Controlled environments provide advantages to predict plant responses and increase production efficiency, optimize plant yield, and improve plant quality.
A review of the literature led by researchers from the University of Florida attempts to provide clarification and analysis on various aspects of what a controlled environment system entails and the extent to which differing food production approaches can be applied to the many current and hopeful endeavors of Urban Agriculture.
Before land and labor shortages prompted by the Industrial Revolution forced food production to move away from cities, agriculture was central to urban environments and their planning. Now, certain shifts in consumption habits and preferences are allowing urban agriculture to make a comeback to address sustainability issues in our food system and promote social and environmental cohesion by reducing dependence of fossil fuels and increasing food security.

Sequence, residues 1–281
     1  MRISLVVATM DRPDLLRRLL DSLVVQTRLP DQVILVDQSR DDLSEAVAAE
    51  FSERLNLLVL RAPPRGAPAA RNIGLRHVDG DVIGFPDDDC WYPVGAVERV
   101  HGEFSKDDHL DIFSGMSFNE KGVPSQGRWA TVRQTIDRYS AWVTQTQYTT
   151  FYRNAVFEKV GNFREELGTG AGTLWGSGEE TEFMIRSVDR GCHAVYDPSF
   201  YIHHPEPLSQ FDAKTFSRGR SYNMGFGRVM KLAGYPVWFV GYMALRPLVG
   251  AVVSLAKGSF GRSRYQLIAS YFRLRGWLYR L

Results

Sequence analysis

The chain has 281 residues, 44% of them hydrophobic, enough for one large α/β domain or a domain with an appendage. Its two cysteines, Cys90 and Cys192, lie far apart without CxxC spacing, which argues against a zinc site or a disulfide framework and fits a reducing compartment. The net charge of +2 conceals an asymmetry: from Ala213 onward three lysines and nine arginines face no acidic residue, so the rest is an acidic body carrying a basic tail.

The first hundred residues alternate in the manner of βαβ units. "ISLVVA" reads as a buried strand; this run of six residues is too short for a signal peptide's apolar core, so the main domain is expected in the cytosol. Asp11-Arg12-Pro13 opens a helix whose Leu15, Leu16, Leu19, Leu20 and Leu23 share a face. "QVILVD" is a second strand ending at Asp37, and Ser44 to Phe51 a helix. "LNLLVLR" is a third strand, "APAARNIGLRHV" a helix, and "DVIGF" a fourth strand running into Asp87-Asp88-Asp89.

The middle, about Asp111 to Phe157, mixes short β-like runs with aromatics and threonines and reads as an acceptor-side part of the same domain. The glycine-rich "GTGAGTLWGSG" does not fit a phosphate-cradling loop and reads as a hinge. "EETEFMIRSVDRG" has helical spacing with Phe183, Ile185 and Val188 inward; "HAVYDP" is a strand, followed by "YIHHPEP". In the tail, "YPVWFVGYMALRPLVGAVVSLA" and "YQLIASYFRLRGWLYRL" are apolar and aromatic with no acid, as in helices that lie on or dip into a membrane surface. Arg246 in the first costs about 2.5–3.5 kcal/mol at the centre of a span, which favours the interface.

Celina Gómez and her fellow researchers delved into the likelihood that controlled environments will revolutionize urban food systems and exactly what techniques can be employed for them to do so. Their full analysis is detailed in their article “Controlled Environment Food Production for Urban Agriculture” published in HortScience.
The push for more effective urban agriculture is as much a desire as it is a need. There has been a calculable increased market demand for locally grown produce that has helped generate interest in the application of techniques developed for the controlled environment agriculture industry. These systems and methods have the potential to contribute to year-round crop production and to decrease food costs within an urban setting.
Continue reading at American Society of Horticultural Science
Image via American Society of Horticultural Science